There is a cautionary tale for the expansion of the District’s streetcar system in a recent think-tank report: Don’t expect that streetcars alone will bring renewed prosperity to the neighborhoods they serve.
The District has a plan to extend streetcar service, which has already begun on H Street east of Union Station, in several directions, including into areas east of the Anacostia River. Although that will provide transportation to those areas, a report comparing two pioneer cities in the revival of streetcar service says that simply laying down trolley tracks to replace buses won’t bring development to those places unless other incentives are in place.
The study, by San Jose State University and the Mineta Transportation Institute, compares Portland, Ore., which began the streetcar car revival in 2001, and Seattle, which has had the service for more than a decade, to see whether real estate and commercial investment soon followed.
Trolleys once provided the backbone for transit systems everywhere. Before cars, buses and urban rail lines, streetcars ruled the streets in U.S. cities. In the 19th century they were horse-drawn, but as that century neared its close some cities began cable-drawn systems (think San Francisco, where they still exist) and others, like Washington, began stringing overhead wires to electrify the cars.
But by the mid-20th century, urban areas began tearing up the tracks. Buses were deemed more suitable because they could be routed around a fire scene, a stopped ambulance or a construction site, and were maneuverable in general.
Fast forward to the 21st century, the streetcar has made a comeback in cities across the country, with many studying the examples of Portland and Seattle to guide their way.
Against the backdrop of the Portland and Seattle systems, the San Jose State/Mineta Institute study wades deep into the debate between streetcar advocates and their critics. In addition to providing basic transportation, the study uses the issuance of permits for commercial and residential development as one measure of whether a streetcar line succeeds or falls short of success.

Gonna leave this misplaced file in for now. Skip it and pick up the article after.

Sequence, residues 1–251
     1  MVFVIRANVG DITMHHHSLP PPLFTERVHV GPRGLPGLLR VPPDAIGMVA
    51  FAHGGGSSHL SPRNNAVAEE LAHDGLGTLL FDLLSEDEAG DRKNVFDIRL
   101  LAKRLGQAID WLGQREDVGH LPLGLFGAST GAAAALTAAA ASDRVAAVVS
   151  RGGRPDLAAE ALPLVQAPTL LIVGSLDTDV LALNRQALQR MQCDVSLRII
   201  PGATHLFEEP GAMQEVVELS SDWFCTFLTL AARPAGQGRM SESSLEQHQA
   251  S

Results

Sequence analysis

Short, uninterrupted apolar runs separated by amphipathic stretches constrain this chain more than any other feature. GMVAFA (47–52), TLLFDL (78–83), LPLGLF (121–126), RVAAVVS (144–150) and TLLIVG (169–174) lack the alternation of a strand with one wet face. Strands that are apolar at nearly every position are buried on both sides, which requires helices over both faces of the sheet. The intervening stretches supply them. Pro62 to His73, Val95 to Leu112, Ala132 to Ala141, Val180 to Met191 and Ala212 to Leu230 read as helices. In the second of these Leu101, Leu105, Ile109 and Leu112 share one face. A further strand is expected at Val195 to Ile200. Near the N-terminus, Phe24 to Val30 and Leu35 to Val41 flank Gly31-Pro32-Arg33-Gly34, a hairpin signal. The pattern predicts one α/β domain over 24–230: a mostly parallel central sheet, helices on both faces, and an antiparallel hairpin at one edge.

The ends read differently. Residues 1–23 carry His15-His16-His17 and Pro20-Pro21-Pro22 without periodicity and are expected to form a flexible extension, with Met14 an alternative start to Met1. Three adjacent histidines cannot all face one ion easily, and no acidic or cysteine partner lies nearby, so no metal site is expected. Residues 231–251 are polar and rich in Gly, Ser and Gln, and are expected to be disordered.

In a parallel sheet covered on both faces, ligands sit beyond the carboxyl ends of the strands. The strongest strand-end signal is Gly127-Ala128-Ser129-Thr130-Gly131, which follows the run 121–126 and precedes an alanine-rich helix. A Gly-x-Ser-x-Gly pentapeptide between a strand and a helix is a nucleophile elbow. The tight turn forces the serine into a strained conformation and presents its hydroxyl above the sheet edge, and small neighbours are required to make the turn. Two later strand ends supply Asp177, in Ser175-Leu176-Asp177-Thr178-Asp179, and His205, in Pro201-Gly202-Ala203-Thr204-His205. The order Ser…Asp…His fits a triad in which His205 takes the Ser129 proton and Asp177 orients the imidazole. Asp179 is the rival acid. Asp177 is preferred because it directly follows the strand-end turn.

It also compared Portland’s older, more extensive and integrated system with Seattle’s, which was built more than six years later and still lacks a connection between two streetcar corridors, which may or may not be constructed.
“In most cities, streetcars are not being pursued primarily for the transportation benefits they might provide, but instead are being sought for the benefits they might provide with respect to development,” study authors Jeffrey Brown and Joel Mendez wrote.
They concluded: “Many streetcar advocates hope to use streetcars to revitalize their downtowns and/or nearby neighborhoods . . . into economically dynamic, attractive, walkable places that are desirable locations for developers, businesses, and residents.”
At best, they said, comparison of streetcar lines in the two cities show mixed results. The authors concluded that:
●The presence of a streetcar line does not guarantee additional development opportunities.
●Even when development occurs in the immediate area of a streetcar line, the result may differ from the mix of commercial and residential balance that the policymakers envisioned.
●Although a streetcar may help stimulate development, there often need to be additional incentives that might include zoning changes, streetscape improvements, investment in public spaces, and tax and financing help.
●Integrating a streetcar line into an existing transit network is critical to the line’s success.
●Although streetcars may help urban neighborhoods to develop, they also should provide viable transportation options for commuters.
“The importance of treating the streetcar as a transportation alternative, not just as a development stimulant, is a major lesson highlighted within this study,” the authors wrote. “The more effective a streetcar is as a transportation service, and the more it is used by patrons, the more likely it is to have development effects.”
They also add a cautionary note.
“Cities such as Cincinnati, Washington, D.C., Los Angeles and Atlanta have projected the development impact of a streetcar system to be in the billions of dollars, far exceeding anticipated costs,” they wrote. “This presentation can lead to the eventual securing of public support, as they are presented as sound public investments, even when the forecast effects are highly speculative and the promise of development outcomes somewhat questionable.”